573 F2d 673 National Labor Relations Board v. Mfy Industries Inc

573 F.2d 673

98 L.R.R.M. (BNA) 2036, 83 Lab.Cas. P 10,491

NATIONAL LABOR RELATIONS BOARD, Petitioner,
v.
MFY INDUSTRIES, INC., d/b/a Oertle's, Respondent.

Nos. 77-1607 and 77-1738.

United States Court of Appeals,
Tenth Circuit.

Submitted Feb. 9, 1978.
Decided April 5, 1978.

John S. Irving, Gen. Counsel, John E. Higgins, Jr., Deputy Gen. Counsel, Carl L. Taylor, Associate Gen. Counsel, Elliott Moore, Deputy Associate Gen. Counsel, Morton Namrow, Atty., N. L. R. B., Washington, D. C., for petitioner.

Floyd L. Rheam, Tulsa, Okl., and J. Michael Smith, Arkansas City, Kan., for respondent.

Before HILL, McWILLIAMS and DOYLE, Circuit Judges.

HILL, Circuit Judge.

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1

In No. 77-1607, the National Labor Relations Board (Board) seeks enforcement of its order that MFY Industries, Inc., (MFY) cease and desist from unfair labor practices. In No. 77-1738, MFY seeks review of the Board's order.

2

MFY operates a retail discount store called Oertle's in Tulsa, Oklahoma. In early January, 1975, the business manager of the International Union of Operating Engineers, Local No. 948, AFL-CIO, (Union) obtained signed membership cards from the two full-time and the three part-time boiler engineers employed at the store. On three occasions thereafter, representatives of the Union approached the store management and requested recognition as bargaining representative for the unit of employees. On February 4, 1975, their request was denied and the representatives were told to seek an election. On February 7, the Union called a strike for recognition, and all five engineers walked out. The Union subsequently filed a petition for a Board-supervised election. In proceedings on that petition, the Board found one of the full-time engineers to be a supervisor and thus excluded him from the unit. The three part-time engineers were found to be regular employees and eligible to vote. An election was held on July 2, 1975, and the Union was certified as the bargaining representative for the unit on July 11.

3

Four negotiating sessions were held between August 13 and September 30. The parties reached an agreement only as to the language of a contract preamble.

4

Pursuant to a settlement agreement approved September 30, the full-time engineer in the unit was reinstated. On September 18 and again on November 1, the three part-time engineers, Arnold, Clark and Delay, made unconditional offers to return to work. The store manager told them that there was no work available and refused to reinstate them.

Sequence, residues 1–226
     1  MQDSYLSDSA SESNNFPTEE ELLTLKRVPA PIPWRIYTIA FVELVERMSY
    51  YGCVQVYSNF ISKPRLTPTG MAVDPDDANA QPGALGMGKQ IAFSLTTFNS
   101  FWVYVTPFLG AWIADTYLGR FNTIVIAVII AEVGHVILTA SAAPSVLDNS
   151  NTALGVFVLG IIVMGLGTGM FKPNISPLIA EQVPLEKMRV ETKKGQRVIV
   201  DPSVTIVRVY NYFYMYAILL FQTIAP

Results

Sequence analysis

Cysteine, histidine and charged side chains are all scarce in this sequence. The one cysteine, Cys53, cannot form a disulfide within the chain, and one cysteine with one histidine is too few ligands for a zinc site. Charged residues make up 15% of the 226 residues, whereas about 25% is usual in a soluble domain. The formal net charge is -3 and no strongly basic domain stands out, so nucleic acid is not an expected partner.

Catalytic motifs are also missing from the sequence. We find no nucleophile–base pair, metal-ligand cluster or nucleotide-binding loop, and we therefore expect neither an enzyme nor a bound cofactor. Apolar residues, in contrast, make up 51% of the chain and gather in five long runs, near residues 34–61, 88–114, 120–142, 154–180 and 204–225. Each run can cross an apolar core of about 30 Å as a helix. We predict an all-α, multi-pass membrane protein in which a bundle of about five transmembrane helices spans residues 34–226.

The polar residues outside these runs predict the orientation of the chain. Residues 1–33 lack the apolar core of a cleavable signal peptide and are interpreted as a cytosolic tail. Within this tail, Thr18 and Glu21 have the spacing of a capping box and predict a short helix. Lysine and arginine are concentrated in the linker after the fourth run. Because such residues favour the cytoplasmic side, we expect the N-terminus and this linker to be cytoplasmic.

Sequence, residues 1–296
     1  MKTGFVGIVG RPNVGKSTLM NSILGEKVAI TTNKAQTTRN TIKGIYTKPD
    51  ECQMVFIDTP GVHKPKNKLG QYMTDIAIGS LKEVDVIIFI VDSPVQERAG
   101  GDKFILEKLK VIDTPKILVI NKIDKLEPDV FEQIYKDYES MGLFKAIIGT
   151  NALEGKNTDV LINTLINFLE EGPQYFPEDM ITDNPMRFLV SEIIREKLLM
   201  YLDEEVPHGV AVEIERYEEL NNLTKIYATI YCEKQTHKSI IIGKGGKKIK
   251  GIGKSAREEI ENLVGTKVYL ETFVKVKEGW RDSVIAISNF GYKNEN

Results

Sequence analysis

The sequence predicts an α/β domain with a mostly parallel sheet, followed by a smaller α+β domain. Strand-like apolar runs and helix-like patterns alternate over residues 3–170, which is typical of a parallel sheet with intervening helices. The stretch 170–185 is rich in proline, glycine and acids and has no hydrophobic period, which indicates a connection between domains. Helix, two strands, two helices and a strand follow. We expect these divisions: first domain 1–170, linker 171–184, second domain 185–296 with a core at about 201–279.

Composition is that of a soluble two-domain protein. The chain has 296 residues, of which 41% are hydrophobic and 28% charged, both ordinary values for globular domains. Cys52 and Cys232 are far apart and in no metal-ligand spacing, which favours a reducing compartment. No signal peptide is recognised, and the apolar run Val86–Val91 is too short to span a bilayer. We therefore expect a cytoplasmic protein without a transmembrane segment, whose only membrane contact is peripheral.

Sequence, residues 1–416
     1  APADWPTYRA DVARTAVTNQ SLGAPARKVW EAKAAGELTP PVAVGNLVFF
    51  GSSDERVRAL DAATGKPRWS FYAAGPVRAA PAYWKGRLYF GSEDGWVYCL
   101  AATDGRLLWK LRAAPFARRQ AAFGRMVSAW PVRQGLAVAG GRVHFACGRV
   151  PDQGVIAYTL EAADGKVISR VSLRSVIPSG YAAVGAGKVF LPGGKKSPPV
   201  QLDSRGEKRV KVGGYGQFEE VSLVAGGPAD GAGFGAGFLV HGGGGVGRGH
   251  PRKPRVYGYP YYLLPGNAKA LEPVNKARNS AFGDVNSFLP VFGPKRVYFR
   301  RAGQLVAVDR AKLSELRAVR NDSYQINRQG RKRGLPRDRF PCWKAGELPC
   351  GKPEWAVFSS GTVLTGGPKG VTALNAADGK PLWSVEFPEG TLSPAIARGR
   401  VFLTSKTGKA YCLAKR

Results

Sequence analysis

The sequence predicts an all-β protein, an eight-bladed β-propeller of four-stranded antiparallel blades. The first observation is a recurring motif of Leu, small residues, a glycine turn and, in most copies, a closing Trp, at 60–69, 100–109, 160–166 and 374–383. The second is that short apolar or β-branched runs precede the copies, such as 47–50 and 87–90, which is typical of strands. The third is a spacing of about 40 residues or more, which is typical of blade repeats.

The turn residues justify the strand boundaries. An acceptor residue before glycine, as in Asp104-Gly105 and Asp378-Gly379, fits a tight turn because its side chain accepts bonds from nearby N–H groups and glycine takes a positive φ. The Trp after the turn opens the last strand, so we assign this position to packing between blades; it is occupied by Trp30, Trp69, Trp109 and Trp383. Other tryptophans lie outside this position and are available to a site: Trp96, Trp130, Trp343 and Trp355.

5

On October 17, MFY's attorney sent a letter to the Union stating, in part:

6

Due to the strike which was called by your union, you taught us something. Prior to the strike and election we had two full time engineers and four who were on call working part time, and we learned that we were overloaded with engineers. We learned that we need only one engineer.

7

The letter stated MFY's refusal to bargain further and cited the rule that an employer is under no obligation to engage in collective bargaining with a unit of only one employee.

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8

The Union filed a charge against MFY with the Board alleging that MFY wrongfully refused to reinstate the three striking part-time employees and that, after October 17, it wrongfully refused to engage in collective bargaining. The charge came on for formal hearing before an administrative law judge who found that, by engaging in the noted conduct, MFY had committed unfair labor practices proscribed by § 8(a)(1), (3) and (5) of the National Labor Relations Act, 29 U.S.C. § 158(a)(1), (3), and (5). The administrative law judge ordered MFY to cease and desist from such unfair practices, to reinstate the three part-time employees, to make them whole for lost earnings, to bargain with the Union, and to post appropriate notices. That order was adopted by the Board.

9